There is a range of heat pumps on the market, and the choice of a heat pump will depend on several factors, such as energy requirements, current building heating infrastructure and site characteristics. Heat pumps can be divided into two broad sub-categories: air-source and geothermal (ground-source) heat pumps.
Air-source heat pumps extract heat from the outside air, operating like fridges in reverse. These heat pumps in a residential setting can save more than 2 tonnes of carbon per year, contributing up to 20% less CO2e than gas boilers and up to 70% less than electric systems. As well as providing a heat source in winter, the cycle is fully reversible in the summer, allowing heat pumps to provide year-round climate control. This technology can be an efficient means of saving money and saving carbon emissions if carefully designed and specified for the appropriate buildings.
Figure 2: Air-source heat pumps have small physical footprints, though they need to be positioned somewhere with adequate air flow
Conversely, ground-source heat pumps transfer heat from the ground into a building. A ground-source heat pump system needs land available to lay heat collectors in the ground – either laterally in trenches, or vertically in boreholes. The basic elements of a ground source heat pump system are the heat pump itself, the ground loop and the distribution system. A significant advantage of using a ground-source heat pump over an air-source equivalent is the higher coefficient of performance in the winter, as the temperature in the ground is higher than the ambient air temperature.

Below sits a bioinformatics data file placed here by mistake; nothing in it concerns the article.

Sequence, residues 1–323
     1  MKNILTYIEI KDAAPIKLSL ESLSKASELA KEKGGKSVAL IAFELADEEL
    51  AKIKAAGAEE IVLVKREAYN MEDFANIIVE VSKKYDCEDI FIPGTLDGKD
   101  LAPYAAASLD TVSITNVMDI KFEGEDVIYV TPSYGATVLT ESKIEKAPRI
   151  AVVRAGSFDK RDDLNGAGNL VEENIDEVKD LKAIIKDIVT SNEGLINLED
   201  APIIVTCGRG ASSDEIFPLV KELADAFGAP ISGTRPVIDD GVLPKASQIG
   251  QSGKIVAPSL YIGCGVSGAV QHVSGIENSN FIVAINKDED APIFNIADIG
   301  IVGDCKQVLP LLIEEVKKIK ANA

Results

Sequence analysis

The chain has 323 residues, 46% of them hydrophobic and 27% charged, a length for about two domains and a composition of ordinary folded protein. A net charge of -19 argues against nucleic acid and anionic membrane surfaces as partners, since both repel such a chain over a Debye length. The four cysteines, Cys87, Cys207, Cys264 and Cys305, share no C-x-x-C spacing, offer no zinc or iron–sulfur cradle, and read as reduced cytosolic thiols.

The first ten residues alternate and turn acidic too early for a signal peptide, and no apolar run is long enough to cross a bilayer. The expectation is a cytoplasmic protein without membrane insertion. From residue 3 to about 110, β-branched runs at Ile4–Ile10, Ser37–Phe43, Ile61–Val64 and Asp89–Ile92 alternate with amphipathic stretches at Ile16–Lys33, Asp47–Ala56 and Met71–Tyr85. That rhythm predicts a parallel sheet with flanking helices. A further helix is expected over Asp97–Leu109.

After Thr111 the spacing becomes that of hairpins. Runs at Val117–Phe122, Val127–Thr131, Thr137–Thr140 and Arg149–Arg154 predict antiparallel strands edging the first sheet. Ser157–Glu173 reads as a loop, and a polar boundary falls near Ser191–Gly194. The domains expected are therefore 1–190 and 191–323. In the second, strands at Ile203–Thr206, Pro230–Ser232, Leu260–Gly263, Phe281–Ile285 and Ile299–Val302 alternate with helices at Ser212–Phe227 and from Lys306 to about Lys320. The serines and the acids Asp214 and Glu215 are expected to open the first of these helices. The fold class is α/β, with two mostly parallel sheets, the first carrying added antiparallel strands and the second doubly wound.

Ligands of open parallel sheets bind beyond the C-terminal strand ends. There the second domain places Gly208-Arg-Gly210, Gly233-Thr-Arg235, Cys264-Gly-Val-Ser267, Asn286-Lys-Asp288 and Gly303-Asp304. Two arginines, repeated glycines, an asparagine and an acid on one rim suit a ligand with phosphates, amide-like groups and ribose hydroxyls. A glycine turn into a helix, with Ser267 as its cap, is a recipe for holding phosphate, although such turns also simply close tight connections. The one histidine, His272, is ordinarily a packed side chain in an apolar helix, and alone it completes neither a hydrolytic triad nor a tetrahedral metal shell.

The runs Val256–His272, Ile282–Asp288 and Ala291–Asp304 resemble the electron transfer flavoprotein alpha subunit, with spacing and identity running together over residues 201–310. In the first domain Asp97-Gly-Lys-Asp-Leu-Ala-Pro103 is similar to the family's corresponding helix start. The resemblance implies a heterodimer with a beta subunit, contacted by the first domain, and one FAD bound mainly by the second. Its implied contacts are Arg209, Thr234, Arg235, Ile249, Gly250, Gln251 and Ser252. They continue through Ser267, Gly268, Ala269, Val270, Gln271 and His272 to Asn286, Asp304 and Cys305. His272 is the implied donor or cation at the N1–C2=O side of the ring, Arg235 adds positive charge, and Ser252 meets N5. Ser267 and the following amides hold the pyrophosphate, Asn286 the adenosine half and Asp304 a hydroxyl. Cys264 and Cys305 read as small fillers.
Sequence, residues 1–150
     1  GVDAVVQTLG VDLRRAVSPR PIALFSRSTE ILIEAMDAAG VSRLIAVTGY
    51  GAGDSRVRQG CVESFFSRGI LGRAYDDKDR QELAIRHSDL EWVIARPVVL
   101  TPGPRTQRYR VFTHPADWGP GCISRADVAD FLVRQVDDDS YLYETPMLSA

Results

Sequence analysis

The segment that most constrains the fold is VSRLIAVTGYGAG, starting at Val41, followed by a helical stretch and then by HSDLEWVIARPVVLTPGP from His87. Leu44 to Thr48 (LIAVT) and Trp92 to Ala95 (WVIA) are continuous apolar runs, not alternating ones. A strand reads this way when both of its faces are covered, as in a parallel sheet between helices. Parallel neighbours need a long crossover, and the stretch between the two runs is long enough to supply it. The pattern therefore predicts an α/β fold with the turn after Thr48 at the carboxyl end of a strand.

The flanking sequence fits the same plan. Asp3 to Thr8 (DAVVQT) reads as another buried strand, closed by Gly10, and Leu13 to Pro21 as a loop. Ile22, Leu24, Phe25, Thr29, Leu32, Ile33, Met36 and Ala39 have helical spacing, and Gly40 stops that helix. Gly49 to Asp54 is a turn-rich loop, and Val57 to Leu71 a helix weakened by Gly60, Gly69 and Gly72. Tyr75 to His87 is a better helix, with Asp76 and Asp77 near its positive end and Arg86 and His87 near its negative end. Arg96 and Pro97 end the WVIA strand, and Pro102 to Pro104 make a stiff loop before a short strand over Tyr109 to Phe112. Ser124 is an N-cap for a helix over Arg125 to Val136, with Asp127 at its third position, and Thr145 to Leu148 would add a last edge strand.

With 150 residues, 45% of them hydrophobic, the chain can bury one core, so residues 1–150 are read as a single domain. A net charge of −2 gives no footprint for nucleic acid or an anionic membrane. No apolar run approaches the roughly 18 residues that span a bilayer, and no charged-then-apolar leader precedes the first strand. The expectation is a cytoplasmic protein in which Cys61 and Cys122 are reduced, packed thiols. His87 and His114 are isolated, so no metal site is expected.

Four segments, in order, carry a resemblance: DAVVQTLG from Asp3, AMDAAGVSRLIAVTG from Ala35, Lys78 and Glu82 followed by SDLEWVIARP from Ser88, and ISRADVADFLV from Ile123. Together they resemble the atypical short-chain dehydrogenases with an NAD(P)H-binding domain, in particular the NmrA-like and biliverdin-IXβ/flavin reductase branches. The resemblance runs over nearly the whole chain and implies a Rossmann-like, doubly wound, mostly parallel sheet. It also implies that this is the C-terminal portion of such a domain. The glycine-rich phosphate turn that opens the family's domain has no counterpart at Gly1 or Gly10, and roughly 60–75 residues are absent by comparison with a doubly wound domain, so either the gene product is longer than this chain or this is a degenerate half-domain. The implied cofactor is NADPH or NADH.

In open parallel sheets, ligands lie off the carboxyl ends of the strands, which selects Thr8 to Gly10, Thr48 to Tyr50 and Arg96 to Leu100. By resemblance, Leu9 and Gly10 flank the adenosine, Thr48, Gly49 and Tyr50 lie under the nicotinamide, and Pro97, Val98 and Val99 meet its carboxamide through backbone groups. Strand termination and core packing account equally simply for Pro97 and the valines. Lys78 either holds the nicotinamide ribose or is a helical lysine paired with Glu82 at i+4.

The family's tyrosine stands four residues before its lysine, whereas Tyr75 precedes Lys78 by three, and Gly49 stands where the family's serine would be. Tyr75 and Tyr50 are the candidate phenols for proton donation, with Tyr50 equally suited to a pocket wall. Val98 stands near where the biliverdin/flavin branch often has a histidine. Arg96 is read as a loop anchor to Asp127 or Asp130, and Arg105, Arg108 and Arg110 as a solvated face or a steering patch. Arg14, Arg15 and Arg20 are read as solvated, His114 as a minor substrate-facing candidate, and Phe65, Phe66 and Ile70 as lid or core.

Figure 3: Ground-source heat pumps require a larger site for installation
Heat pump technologies are well-established and widely used in the UK and backed by attractive government incentives. The Renewable Heat Incentive (RHI) is a government environmental programme that provides financial incentives aimed at increasing the uptake of renewable heat by businesses, the public sector and non-profit organisations. Eligible installations receive quarterly payments over 20 years based on the amount of useful heat generated.
Heat pumps are a great alternative to many of the current carbon-intensive heating methods and represent a smart long-term investment for businesses and households alike. However, it is worth considering the below before installing your new system.
Before purchasing a heat pump, it is important to assess the associated benefits and costs. While heat pump systems have lower fuel costs than conventional heating systems, they have a sizable upfront installation cost which often proves as a barrier to SMEs. Taking the following considerations will allow business to pick up the most suitable system for your needs:
Despite this, research indicates that around 22,000 heat pumps were installed in the UK in 2017, which represents an increase of 18% in volume compared to the previous year.
This increase has been brought about by the realisation of the various benefits of heat pumps, including:
Energy efficiency measures have the potential to deliver the sizeable emissions cuts needed to meet the targets set by the Climate Change Act. Technologies like heat pumps represent low-hanging fruits for both businesses and households in the UK and abroad.
While they may not be for everyone, heat pumps represent a modern, cost-effective solution to reducing both your energy costs and carbon footprint.